Like many people in the developed world, I spend every day surrounded by technology — laptops, phones, car touch-screens, networked gadgets, and smart TV. Of course I want to interact with all these things to get my work done and to enjoy their services and entertainment. And I have learned to use them pretty well — I have learned to type on keyboards, move mice, finger touchpads, pinch, swipe, and peck. The devices themselves have not learned much of anything!
A wave of change is sweeping towards us, with the potential to dramatically shift the basic nature of interactions between people and our electronic environment. Deep learning-based algorithms are transforming many aspects of computation, by allowing good solutions to bigger, more complex, more ambiguous problems than before. The transformations are particularly striking across vision, language analysis, pattern finding in large data sets, and speech. I have written a lot about vision and the potential for neural network vision algorithms to meet or exceed human capabilities in recognizing and tracking objects, summarizing scenes and sequences, and finding safe navigational channels in two and three dimensions. These vision systems are becoming veritable substitutes for human vision in tasks like driving, surveillance, and inspection.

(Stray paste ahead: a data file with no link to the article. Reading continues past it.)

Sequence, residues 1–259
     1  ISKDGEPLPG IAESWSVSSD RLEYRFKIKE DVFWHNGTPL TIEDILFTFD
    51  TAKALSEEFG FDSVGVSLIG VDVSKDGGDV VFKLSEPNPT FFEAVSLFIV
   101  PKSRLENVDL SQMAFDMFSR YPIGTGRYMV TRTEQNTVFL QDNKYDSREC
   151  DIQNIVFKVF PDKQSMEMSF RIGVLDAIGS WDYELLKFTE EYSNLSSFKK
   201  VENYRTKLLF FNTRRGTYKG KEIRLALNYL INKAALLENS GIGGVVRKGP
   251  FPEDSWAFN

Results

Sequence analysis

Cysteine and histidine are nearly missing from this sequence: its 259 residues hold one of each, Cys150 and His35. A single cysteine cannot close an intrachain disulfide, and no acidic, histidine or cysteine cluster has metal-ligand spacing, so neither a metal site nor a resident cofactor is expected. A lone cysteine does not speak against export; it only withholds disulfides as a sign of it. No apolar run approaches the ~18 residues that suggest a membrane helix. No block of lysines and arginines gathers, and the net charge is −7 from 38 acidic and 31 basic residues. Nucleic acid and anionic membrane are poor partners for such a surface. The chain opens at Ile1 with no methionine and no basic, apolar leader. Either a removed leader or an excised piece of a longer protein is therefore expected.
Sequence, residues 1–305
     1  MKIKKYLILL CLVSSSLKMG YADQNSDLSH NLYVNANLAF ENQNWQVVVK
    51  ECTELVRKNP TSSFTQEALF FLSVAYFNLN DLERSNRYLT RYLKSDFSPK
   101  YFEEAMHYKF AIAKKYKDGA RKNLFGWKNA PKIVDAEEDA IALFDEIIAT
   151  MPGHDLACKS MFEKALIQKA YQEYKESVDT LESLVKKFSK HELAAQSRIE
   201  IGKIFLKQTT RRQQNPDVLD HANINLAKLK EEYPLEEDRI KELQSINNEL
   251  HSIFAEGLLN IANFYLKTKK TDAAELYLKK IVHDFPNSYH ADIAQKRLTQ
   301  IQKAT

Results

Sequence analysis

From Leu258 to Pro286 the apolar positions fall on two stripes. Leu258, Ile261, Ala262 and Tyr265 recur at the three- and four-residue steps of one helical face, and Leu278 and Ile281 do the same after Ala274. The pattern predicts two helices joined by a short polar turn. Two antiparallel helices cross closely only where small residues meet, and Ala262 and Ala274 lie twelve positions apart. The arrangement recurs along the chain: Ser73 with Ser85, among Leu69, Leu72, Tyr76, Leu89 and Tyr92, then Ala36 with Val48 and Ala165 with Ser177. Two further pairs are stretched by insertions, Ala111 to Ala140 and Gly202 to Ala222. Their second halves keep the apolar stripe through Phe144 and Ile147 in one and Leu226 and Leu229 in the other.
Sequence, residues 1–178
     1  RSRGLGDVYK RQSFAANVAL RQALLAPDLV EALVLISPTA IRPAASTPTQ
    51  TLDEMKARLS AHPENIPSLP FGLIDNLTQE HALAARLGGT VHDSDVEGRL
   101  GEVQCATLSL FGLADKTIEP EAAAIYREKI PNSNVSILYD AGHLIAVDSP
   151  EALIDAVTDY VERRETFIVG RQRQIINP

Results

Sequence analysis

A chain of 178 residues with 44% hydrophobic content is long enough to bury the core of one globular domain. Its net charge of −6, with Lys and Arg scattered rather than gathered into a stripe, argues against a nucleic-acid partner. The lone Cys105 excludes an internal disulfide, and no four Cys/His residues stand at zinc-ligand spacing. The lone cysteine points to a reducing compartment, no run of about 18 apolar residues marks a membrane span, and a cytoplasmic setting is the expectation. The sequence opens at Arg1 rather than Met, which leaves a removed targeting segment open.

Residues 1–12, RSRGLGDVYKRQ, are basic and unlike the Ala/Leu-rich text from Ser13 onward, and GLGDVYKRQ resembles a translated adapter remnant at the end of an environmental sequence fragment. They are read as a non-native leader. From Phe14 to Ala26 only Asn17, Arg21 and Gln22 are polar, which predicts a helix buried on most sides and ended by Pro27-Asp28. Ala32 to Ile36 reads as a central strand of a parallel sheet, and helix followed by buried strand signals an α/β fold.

Deep learning advances in speech have a completely different character from vision — these advances are rarely about substituting for humans, but center instead on paying more attention to humans. Speech recognition, speaker identification, and speech enhancement are all functions to enhance the human-machine interaction. The ...